According to the Business Group on Health survey, many employers in post-pandemic environment are partnering with new COEs or expanding COEs to include more conditions. A center of excellence is an area of health care specialization in a medical center that is recognized by the medical community as providing the most expert and highest level of care. Eighteen percent of employers said expanding COEs to include additional conditions is a top priority for 2022. Employers also said they will continue using high-performance networks—networks of high-quality, cost-effective medical service providers that agree to provide care for a specific population at lower cost.

Kelsay says employers plan to negotiate on costs for delivery systems. “More employers are using value-based payment models and moving away from fee-for-service payment models,” she says. “Those using fee-for-service models are negotiating with plans or directly with providers for better prices.”

As employees return to care, employers are making an effort to get quality/cost data into their hands so they can get high-quality care but not at the highest cost, says Stark.

“This is tied to more conversations about using health care TPAs [third-party administrators] because having a health care navigation vendor also be the organization in charge of contracts could create a conflict of interest,” he says. “To have the best-in-class discounts and the best-in-class navigation services, employers are looking to TPAs—any claims payer outside of major carriers—whose primary focus is the payment of claims rather than the creation of networks.”

Stark says employers are also having conversations about direct contracting for employees in particular geographic locations.

“They are considering creating relationship with a major hospital system or health systems in regions where employees live to see if they can get a preferred deal,” he explains. “They then steer employees to that system or systems for care.”

With the goal of driving employees to high-value, low-cost care, Stark says there’s also a big move to encourage the use of high-deductible health plans (HDHPs) and, for some populations, saving in health savings accounts (HSAs).

“But employees have to have a certain level of income for that to be truly an option,” he adds. “Employers are introducing copays for employees who have primary care physicians so they have that first dollar to pay for high-value, low-cost care. They are still able to use HSAs for high-cost items but not for low-cost items. HSAs are not the silver bullet for all populations as employers hoped they would be.”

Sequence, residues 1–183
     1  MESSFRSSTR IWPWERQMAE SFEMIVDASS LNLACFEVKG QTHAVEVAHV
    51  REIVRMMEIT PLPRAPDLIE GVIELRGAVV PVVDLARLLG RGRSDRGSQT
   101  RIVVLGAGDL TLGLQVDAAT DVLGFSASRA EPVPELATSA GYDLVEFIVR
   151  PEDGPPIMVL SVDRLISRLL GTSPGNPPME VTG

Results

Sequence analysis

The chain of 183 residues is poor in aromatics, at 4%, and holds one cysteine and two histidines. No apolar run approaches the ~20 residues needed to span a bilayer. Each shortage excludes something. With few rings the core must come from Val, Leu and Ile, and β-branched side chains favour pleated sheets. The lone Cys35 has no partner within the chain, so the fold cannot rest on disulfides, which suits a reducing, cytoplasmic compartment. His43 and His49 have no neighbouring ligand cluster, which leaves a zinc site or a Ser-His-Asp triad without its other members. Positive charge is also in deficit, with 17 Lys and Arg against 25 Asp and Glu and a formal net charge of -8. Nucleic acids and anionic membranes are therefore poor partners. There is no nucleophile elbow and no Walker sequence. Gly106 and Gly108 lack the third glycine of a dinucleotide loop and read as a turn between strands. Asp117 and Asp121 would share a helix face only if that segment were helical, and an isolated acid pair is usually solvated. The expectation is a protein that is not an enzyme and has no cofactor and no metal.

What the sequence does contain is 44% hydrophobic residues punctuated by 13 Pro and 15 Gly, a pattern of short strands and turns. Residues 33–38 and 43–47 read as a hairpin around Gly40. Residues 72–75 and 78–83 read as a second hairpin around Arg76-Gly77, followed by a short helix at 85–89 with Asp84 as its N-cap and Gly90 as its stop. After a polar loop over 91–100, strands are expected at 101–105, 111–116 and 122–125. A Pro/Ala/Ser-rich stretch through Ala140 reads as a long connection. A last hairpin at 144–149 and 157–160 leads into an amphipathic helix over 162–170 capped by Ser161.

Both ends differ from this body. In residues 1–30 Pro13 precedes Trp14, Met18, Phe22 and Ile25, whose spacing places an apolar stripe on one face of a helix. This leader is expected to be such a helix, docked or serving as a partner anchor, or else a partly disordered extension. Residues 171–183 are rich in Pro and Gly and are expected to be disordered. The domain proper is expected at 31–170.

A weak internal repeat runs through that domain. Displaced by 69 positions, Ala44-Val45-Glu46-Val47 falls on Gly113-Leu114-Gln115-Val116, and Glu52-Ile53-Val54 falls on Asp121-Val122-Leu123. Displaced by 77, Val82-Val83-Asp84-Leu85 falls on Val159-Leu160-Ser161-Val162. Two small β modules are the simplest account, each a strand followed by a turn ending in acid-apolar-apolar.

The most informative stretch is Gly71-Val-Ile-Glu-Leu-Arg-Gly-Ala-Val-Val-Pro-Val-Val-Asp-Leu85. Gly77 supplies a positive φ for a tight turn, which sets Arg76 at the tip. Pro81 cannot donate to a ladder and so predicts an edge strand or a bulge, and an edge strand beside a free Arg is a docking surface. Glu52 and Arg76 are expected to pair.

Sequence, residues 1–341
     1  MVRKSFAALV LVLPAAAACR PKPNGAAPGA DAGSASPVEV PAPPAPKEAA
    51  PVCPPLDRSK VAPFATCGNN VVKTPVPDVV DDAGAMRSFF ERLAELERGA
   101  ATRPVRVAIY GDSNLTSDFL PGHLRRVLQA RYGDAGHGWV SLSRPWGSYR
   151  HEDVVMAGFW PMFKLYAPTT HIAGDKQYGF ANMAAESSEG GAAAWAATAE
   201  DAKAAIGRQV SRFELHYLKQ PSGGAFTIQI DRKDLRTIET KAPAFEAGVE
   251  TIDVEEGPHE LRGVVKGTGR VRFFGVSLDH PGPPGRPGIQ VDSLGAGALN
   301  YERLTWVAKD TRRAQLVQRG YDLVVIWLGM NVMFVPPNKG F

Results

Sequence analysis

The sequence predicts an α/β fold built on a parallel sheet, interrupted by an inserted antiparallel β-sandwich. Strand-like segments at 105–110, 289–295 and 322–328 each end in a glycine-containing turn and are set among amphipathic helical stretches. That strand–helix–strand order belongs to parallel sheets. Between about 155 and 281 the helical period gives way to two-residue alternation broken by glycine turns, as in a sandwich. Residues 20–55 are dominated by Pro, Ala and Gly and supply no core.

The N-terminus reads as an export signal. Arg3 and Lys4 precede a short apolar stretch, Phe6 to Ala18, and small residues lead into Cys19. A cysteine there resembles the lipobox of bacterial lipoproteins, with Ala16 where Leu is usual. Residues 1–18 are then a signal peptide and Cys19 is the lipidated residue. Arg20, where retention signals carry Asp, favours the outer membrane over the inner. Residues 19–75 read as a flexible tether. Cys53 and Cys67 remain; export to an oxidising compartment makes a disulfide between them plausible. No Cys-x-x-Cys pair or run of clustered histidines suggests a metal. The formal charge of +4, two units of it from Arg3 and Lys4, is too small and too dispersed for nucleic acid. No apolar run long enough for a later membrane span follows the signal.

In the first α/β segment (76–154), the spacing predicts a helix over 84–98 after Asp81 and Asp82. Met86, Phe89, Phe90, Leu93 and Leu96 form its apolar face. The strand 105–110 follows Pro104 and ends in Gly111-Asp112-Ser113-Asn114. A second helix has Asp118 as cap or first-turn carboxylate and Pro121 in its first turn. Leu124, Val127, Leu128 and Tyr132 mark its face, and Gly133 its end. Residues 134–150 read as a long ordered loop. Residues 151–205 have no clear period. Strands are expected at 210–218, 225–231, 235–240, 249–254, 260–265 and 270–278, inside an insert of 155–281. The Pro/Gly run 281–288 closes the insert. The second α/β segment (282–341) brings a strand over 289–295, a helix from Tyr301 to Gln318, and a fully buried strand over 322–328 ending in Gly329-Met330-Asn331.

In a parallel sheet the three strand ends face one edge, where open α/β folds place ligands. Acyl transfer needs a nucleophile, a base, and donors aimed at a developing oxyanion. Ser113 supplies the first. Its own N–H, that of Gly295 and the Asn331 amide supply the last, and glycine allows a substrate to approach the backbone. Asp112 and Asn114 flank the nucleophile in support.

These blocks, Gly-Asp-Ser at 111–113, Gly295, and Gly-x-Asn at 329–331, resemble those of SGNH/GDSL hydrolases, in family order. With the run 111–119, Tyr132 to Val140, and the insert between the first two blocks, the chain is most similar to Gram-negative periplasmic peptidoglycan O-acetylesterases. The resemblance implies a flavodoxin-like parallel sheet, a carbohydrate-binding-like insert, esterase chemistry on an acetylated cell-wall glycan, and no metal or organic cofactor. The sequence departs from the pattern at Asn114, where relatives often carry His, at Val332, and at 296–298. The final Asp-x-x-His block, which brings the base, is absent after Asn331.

Improving Employee Access to and Cost of Care

Stark notes that the pandemic has highlighted instances of employees avoiding care for perceived or actual lack of access.

One way to address this is with specialty medication coupon programs that major pharmacy benefit managers (PBMs) are offering. “This is when a specialty medication manufacturer has a coupon so the insured individual pays a reduced amount but the insurance company pays the PBM the full amount,” Stark explains. “Manufacturers have found a way for the coupon to apply before insurance pays. People were reluctant about these coupons in the past because they were new and required individuals to go through steps to activate the coupon, but now the savings available is more enticing than the fear of interrupting the employee experience.”

Employers are more aware of equity and inclusion in benefits, Stark says. They are having conversations about salary-based benefit payments or employer contributions to make sure the cost of benefits is not a barrier to seeking care for lower-wage workers. He says this is particularly true for tech companies and others that have a smaller proportion of low-wage employees.

“Cost sharing with employees, moving to HDHPs, increasing deductibles and decreasing subsidies were very common during the recession time frame, but employers are much more reluctant now to pass along cost increase to employees,” Stark says. “Employers are finding ways to keep employee contributions for benefits flat or keep plan designs as stable as possible. There is more awareness now than before the pandemic of making benefits less of a distraction for employees.” He adds that he hasn’t seen employers raise employee cost sharing of health benefits in anticipation of the expected spike in costs.

More information about the Business Group on Health’s “2022 Large Employers’ Health Care Strategy and Plan Design Survey” is available here.